then use the SS#, birthdate, mother's maiden name and address info the bank was storing to compromise your
The federal government already lost control of that information, and more, for me and tens of thousands of others when a laptop (that should have never had that information on it) was stolen from a car in DC. I don't expect them to do a whole lot better with authentication keys.
And what's included in that annoyingly thorough identity test at the post office? SSN, birthdate, mothers maiden name, last 3 addresses, etc. All the information that gets stolen already anyway-- so the TFA is a convenience, but it's subject to the same sort of attacks that ID is already subject to. You can go on a two month european vacation and I can go to the post office, pretend to be you with all the information I stole, get your key revoked (leaving you kind of SOL when it comes to paying for your hotel and food, and making your re-entry into the country really fun), and get a new token and clean out your accounts. You can mitigate it to some extent with biometrics like fingerprints on the token, but I could limit my attacks to people like potters and bricklayers who wear theirs off and go in with the same blank fingers they have. And if I'm a mugger taking your token and know you need prints for authentication to revoke it, I just have to mangle your fingers. That gives me more time to clean you out while you try to prove you're really you.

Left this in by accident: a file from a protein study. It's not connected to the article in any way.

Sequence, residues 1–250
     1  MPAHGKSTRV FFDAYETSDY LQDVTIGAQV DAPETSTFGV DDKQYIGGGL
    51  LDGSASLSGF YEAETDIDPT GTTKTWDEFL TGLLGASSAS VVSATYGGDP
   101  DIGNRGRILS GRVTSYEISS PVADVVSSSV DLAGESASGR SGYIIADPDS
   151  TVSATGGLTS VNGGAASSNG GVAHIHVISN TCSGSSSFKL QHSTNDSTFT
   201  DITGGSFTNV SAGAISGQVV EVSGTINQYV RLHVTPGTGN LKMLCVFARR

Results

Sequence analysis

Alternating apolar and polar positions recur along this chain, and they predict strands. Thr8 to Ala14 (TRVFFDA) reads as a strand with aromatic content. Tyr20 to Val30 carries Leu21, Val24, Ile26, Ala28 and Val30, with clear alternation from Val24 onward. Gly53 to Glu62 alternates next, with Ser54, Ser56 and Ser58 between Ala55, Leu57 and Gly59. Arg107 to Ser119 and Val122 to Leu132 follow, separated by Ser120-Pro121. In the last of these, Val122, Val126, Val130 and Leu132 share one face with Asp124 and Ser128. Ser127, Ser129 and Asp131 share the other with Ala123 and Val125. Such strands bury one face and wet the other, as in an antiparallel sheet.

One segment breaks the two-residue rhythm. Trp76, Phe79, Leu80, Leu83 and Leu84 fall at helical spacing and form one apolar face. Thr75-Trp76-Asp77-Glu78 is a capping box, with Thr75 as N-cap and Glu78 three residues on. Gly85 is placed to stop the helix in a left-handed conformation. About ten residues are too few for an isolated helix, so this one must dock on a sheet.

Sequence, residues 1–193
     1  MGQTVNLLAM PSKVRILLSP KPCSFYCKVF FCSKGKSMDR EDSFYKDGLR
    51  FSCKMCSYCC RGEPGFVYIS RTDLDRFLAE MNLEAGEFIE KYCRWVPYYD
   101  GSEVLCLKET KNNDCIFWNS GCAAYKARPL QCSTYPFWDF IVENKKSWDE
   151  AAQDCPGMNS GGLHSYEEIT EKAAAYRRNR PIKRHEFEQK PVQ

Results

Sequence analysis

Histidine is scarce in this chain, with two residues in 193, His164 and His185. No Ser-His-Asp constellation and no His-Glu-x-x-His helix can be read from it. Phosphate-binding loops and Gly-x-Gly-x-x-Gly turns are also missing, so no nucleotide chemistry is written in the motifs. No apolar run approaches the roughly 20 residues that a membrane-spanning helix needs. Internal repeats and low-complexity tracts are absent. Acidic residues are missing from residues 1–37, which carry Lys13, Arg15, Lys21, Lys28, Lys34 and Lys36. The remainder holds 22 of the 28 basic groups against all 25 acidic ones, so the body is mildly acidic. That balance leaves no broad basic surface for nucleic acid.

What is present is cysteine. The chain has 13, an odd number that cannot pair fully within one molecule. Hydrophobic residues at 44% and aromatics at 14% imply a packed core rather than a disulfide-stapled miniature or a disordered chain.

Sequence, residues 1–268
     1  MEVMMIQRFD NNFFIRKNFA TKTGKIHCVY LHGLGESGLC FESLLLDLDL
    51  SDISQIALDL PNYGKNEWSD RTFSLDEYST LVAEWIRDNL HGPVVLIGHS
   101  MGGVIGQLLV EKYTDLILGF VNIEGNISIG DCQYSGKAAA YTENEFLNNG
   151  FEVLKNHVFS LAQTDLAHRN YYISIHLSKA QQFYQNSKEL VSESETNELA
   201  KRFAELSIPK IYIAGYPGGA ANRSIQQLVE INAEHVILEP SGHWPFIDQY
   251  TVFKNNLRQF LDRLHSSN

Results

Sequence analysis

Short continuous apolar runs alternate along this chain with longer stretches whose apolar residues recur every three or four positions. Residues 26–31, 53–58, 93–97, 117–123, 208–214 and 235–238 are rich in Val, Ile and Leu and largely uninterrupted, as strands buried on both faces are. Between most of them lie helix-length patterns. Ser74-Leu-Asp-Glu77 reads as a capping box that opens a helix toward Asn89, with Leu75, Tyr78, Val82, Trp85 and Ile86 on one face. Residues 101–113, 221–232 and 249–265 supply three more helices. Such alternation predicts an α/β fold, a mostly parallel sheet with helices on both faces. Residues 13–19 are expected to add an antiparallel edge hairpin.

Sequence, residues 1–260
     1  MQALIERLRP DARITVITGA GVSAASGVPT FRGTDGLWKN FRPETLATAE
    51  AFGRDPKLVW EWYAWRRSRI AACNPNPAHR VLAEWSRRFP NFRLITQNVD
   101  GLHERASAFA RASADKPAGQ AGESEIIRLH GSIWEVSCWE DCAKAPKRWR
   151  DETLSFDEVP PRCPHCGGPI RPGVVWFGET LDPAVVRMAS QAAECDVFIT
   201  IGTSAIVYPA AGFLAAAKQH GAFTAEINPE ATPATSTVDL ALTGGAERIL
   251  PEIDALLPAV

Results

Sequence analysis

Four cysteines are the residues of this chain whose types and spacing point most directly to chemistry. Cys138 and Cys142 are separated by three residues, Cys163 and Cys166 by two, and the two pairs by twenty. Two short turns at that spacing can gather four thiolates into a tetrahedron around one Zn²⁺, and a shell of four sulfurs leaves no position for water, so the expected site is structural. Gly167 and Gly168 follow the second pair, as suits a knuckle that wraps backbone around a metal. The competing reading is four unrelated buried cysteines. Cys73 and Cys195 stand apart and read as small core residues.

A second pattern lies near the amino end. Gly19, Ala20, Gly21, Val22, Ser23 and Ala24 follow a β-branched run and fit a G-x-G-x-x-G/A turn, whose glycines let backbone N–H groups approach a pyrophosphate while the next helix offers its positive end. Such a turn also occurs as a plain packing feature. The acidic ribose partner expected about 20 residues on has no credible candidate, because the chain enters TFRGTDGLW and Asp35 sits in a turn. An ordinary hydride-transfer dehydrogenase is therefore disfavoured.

These are just a few random attacks that took a few seconds to think of- someone clever with a lot of time can do much better. Things like this always seem to work great when you plan them out, but there are always exceptional cases that you have to deal with that nobody anticipated. An example of another hole in many of the ID systems is the US Passport-- when it comes down to it, all you need is another US citizen to vouch for you to get one. I know someone who grew up in NYC, never had a drivers license, no birth certificate, parents dead, had very little paper trail despite being a visible small business owner for decades, and he ended up having to get someone who'd known him for most of those decades to vouch for him when he finally needed a passport in his 40's. At the end of the day, any system comes down to the weakest link, and it will likely end up being some gaping hole like that.
And suppose I build a quantum computer and start factoring big numbers easily? Now we have your national emergency because we put all our eggs in one basket and created an awesome single point failure for authentication.